Art for All – Art Centres Throughout Canada
The American Art Therapy Association defines art therapy as a “…mental health profession in which clients, facilitated by the art therapist, use art media, the creative process, and the resulting artwork to explore their feelings, reconcile emotional conflicts, foster self-awareness, manage behavior and addictions, develop social skills, improve reality orientation, reduce anxiety, and increase self-esteem.”
All people, regardless of their age, heritage, physical abilities or mental capacities are able to reap these benefits and more from engaging in art projects.
In addition, participating in artistic activities combats one of the gravest problems people with disabilities face: isolation. Art is often done in social environments. It is common for those who are interested in similar art forms to create and discuss art together.
Whether alone or with a community of like-minded art enthusiasts, the act of doing art is therapeutic.
For this reason, many art centres and “hangouts” exist throughout Canada. Better yet, a number of these establishments intend to serve people with developmental disabilities.
Recently, two art communities came to National Benefit Authority’s attention. We’d like to take this opportunity to share what we know about these art collectives, as well as ask you to share of any art therapy programs that exist near you. Please leave your response in the comment section at the bottom of this page.
Nova Scotia, Canada – SCRI Society: The Club
The acronym SCRI stands for “Social, Cultural, Recreational Inclusion for all.” Thanks to an article at CBC.ca, SCRI Society was brought to our attention. Some members of this society participated in a festival in Dartmouth, where the artwork of people with disabilities was celebrated last week. The club was especially excited about the dance portion of the festival, in addition to the photography, painting and poetry presentations.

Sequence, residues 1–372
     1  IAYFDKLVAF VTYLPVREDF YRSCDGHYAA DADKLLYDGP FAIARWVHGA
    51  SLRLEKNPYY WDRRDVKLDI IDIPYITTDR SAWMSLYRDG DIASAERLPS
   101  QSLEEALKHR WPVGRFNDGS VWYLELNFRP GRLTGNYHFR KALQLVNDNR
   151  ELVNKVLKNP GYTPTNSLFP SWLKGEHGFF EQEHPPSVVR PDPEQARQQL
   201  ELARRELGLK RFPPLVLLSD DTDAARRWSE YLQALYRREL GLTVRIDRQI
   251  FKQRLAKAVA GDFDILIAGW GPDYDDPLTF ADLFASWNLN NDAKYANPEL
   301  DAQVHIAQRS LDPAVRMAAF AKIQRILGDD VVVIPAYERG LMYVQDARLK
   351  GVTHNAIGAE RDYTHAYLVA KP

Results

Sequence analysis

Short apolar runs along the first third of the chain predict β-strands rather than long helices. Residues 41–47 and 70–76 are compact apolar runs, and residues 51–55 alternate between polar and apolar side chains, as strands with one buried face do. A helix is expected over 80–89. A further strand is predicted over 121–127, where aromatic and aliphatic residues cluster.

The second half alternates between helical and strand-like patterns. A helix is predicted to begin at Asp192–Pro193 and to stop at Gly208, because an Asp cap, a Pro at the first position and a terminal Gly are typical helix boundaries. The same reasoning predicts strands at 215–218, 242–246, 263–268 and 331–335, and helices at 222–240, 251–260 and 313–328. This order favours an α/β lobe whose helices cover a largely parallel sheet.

SCRI Society began seven years ago. Before recognizing a love for arts, parents in Halifax noticed that their children needed more opportunities to engage in the community. From this desire, the club, which has a membership of 160 children, teens and young adults, was born. Today, this group operates like a “hangout,” open six days a week. When members show up, they are welcomed to engage in artistic programs, as well as lunch or dinner.
Enjoy a tour of SCRI Society, compliments of their website: http://theclubscri.com/.
Click here: Take a tour of SCRI Society Drop In Club.
Alberta, Canada – The Nina Haggerty Centre for the Arts
A few years before SCRI Society formed, The Nina Haggerty Centre for the Arts was established in the city of Edmonton. At first, the project, funded by SKILLS society, rented and renovated a small space with intentions of inviting people to make art. Before long, many adults who live with developmental disabilities were visiting the centre.
Thanks to its overwhelming success and community support, The Nina Haggerty Centre for the Arts moved into its own building.
Much has changed for this art centre throughout the years, but its mission has remained constant.
The Nina Haggerty Centre for the Arts exists to provide a supportive place where people with developmental disabilities can become practicing artists.
The Nina Haggerty Centre is a thriving example of what art activities can do for a community. Art brings people together in an inclusive and impactful way.
Anybody can become an artist. More so, at places like The Nina Haggerty Centre and SCRI Society, anybody can feel a sense of belonging.
Are there artist hangouts and drop-in centres where you live? Do you attend an artist collective? What are the benefits you reap from doing art? If you haven’t tried an art centre, would you consider going to one? What types of art projects excite you most?
In today’s world, there are numerous methods of art and many of them are accessible to people of all ability levels. Take advantage of the talent you have and the resources that are around you. Jump into an art project and create something all your own. It may benefit you more than you know.